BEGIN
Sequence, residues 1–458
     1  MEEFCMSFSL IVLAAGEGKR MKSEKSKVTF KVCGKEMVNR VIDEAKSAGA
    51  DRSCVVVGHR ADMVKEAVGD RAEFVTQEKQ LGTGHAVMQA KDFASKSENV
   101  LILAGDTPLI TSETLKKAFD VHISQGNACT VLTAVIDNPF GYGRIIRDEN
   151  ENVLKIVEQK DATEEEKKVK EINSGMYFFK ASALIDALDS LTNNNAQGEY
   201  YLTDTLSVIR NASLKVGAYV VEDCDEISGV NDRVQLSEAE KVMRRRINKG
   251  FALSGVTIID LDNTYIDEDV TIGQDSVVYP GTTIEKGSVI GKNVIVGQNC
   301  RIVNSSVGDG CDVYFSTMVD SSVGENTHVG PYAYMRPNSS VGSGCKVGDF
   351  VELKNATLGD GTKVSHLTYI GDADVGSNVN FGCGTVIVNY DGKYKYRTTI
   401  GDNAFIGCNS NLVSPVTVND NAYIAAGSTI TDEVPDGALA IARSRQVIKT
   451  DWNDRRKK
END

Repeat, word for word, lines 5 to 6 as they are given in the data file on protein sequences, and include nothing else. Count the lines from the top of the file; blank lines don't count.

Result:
   151  ENVLKIVEQK DATEEEKKVK EINSGMYFFK ASALIDALDS LTNNNAQGEY
   201  YLTDTLSVIR NASLKVGAYV VEDCDEISGV NDRVQLSEAE KVMRRRINKG